Premier League fixture congestion 'absurd' as teams count Christmas cost
January sees many of us count the cost of Christmas.
There are those who have spent too much, others who have eaten too much and then there are Premier League bosses generally frustrated by playing too much.
Some managers felt four games in 12 days was "absurd" and one club has been hit by injuries which look set to keep some of their players out for around a combined 500 days.
In all, 74 players picked up anything from a niggle to a serious injury as most teams played four fixtures between 21 December and 2 January. That means around six Premier League players were injured every 24 hours across the 13-day period.
Using data compiled by injury data analyst Ben Dinnery, founder of Premier Injuries, BBC Sport has examined which clubs and players felt the festive strain.
No miracles as injuries pile up
According to Dinnery's data, there were 214 Premier League injuries requiring 10 days or more of recovery between August and December. The festive-period figure of 74 over 13 days also accounts for injuries requiring less than 10 days of recovery.
Newcastle were in a league of their own in clocking up nine injuries over Christmas and managed to lose five players in a single defeat by Leicester on Boxing Day.
Manager Steve Bruce now has just one of his six central defenders available for Saturday's FA Cup third-round tie at Rochdale.
He said: "I did predict a month ago that the schedule was ridiculous and we don't have the resources to have huge rotation."
In all, Premier League teams registered 500 players for the 2019-20 season along with 1,013 under-21 players. The 74 injuries over Christmas accounts for around 5% of all players eligible to play in the league at the start of the campaign.
League leaders Liverpool played just three times during the period after returning from their Club World Cup triumph in Qatar, and manager Jurgen Klopp said: "Sports science and sports medicine is [in] a good place, but they cannot do miracles and we cannot have 30- or 40-player squads. That's not possible."
'Very sorry' spell for Villa
Some clubs have not specified how long certain players are out for. So of the 74 reported injuries, 19 have no recovery timeframe attached to them.
So while Crystal Palace saw five festive injuries, only Martin Kelly and Wilfried Zaha were diagnosed with four-day recovery periods, meaning injuries sustained by Patrick van Aanholt, Christian Benteke and Mamadou Sakho are not accounted for in the graph above.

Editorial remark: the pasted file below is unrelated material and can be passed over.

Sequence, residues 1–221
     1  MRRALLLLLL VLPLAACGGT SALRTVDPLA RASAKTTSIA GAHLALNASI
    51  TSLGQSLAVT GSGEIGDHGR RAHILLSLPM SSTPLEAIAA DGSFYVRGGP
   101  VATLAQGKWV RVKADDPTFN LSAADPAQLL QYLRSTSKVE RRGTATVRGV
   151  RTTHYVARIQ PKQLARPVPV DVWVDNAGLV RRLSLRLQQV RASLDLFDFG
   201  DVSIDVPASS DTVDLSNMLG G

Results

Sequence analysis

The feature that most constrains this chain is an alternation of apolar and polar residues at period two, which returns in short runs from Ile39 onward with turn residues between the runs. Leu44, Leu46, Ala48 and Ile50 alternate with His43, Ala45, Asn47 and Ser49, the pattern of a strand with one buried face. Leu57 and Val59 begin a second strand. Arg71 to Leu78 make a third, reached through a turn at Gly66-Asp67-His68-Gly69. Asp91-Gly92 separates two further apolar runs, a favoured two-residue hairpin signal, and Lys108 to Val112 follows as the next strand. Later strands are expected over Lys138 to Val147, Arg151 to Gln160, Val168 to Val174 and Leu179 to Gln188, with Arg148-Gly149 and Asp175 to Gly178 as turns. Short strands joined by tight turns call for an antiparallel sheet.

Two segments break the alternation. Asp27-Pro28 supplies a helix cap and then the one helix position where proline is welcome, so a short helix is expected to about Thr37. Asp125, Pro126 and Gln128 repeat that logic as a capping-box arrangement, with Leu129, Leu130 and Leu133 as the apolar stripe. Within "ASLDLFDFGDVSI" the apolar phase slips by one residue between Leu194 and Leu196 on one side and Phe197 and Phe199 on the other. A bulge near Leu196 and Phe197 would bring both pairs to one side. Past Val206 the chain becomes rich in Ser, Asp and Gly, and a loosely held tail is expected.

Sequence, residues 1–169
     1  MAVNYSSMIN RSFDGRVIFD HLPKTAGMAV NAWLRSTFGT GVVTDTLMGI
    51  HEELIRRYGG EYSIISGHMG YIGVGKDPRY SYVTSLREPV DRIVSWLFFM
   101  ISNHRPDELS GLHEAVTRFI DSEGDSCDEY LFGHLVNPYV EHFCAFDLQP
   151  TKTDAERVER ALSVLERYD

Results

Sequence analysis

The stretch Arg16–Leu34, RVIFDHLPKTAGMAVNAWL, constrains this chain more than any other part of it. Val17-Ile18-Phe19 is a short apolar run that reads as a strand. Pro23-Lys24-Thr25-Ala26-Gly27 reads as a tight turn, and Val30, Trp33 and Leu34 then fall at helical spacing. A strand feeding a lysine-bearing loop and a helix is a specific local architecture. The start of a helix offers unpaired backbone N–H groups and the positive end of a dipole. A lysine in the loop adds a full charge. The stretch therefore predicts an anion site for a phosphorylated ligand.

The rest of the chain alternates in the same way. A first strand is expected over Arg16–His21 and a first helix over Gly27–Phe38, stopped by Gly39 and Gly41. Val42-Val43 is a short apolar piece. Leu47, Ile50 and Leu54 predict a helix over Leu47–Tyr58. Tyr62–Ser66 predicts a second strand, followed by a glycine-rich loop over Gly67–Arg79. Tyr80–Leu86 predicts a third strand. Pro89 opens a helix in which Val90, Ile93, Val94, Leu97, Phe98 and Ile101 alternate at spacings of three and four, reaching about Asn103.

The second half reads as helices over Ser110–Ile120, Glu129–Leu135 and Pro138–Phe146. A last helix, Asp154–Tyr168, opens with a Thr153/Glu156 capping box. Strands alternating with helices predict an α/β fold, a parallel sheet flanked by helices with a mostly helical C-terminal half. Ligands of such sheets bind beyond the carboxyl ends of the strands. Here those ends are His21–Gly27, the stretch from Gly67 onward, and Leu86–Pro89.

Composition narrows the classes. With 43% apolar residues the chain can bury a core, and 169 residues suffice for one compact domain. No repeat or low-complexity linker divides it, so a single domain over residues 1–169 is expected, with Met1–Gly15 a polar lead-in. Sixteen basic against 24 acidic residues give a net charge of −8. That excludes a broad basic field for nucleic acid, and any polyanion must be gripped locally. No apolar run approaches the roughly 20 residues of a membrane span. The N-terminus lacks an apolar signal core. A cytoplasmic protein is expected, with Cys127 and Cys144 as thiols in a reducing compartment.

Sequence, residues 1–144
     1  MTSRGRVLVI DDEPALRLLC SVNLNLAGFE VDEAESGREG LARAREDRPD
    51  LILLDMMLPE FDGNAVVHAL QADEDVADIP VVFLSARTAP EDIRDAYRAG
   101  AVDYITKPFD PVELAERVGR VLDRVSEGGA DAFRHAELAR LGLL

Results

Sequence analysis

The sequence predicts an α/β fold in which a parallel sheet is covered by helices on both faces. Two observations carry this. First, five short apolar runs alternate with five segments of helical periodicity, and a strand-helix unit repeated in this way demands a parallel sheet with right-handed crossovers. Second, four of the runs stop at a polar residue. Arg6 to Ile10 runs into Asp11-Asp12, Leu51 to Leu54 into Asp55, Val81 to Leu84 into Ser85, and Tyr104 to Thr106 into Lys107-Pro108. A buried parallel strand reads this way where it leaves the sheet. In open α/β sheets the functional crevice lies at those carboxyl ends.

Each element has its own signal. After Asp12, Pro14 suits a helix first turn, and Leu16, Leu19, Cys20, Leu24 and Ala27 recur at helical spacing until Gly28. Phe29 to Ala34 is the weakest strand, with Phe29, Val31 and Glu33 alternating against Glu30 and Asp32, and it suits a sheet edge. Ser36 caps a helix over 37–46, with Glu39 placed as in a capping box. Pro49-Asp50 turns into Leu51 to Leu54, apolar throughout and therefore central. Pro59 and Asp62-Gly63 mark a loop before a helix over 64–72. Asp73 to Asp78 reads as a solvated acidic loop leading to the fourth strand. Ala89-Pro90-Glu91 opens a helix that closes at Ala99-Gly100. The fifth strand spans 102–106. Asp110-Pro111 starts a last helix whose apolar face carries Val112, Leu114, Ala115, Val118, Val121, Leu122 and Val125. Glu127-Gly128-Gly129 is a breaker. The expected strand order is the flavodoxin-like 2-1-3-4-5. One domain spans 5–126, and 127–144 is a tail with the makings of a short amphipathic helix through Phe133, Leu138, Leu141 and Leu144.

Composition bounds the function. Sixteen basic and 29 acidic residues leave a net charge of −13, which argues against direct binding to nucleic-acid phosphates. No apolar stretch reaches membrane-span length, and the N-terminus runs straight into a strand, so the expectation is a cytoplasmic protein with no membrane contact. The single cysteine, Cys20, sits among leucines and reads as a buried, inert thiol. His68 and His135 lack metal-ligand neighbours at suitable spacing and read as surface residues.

"The injury list has been added to with Mamadou Sakho pulling his hamstring against Norwich," said Palace manager Roy Hodgson. "He will be out for a considerable period.
"The problem, though, is the same - do you say we need to play what we think is near to our best team, and we put players on the field and risk that they are going to pick up an injury, or do we say we can't afford to risk it with all the games we have coming up.
"It is a dilemma and I am still waiting for some bolt from the blue which will tell me what I need to do to solve the dilemma - but it hasn't happened yet."
Nowhere was the full force of Christmas fixtures felt more than Aston Villa, who lost striker Wesley and goalkeeper Tom Heaton for an estimated 482 days combined as a result of anterior cruciate ligament injuries.
"They are two key players who I feel very sorry for. We've had five games in 16 days and another seven to come in January," said Villa boss Dean Smith.
The unlucky and the absurd
Arsenal defender Calum Chambers faced the same injury as Wesley and Heaton, ruling him out for an estimated 244 days according to Dinnery's data.
Bournemouth had the double blow of losing Joshua King and Jack Stacey each for over 50 days with hamstring complaints, while Tottenham did not put a timeframe on Harry Kane's recovery from the same issue.
Manchester United lost Scott McTominay and Paul Pogba for over 90 days combined and while Wolves reported just one injury - to forward Patrick Cutrone - the stance of their manager Nuno Espirito Santo epitomised the frustrations aired by several managers.
"I've never seen a situation like playing games against tough teams with 45 hours between games," said Nuno. "It's going to be very tough. Of course, it goes against everything - it's absurd. There's no explanation."
Next month the Premier League will have its first mid-season break, where 10 matches will be played across two weekends rather than one.
Players' union Fifpro has already called for the sport's stakeholders to get together to discuss festive fixture congestion in a bid to "ease this pressure".
The runners and rotators
The weekend's FA Cup third-round ties could see countless changes to starting line-ups after a chaotic fortnight but during the festive fixtures it was Leicester boss Brendan Rodgers who shuffled his pack most, while Watford's Nigel Pearson made the fewest changes of those teams who played four times.
|Who changed their team the most?|
|Source: Opta *all stats cover four festive matches and exclude Liverpool and West Ham, who played just three times.|
Sheffield United suffered only a John Lundstram ankle sprain over Christmas despite running further than any side (460.1km). Palace clocked the least distance of any side to play four games yet ended up with five injuries.
|Which teams ran most and least?|
And while Dele Alli picked up a tightness in a muscle, he played in all four Spurs games over the period and featured in the top five players in the league for distance covered. None of the other top 19 in the players ranked for distance covered picked up an injury.
|Which players ran furthest?|
|N'Golo Kante (Chelsea)||48.01km|
|James Ward-Prowse (Southampton)||46.71km|
|Fred (Man Utd)||46.49km|
|Ashley Westwood (Burnley)||45.52km|
|Dele Alli (Tottenham)||45.3km|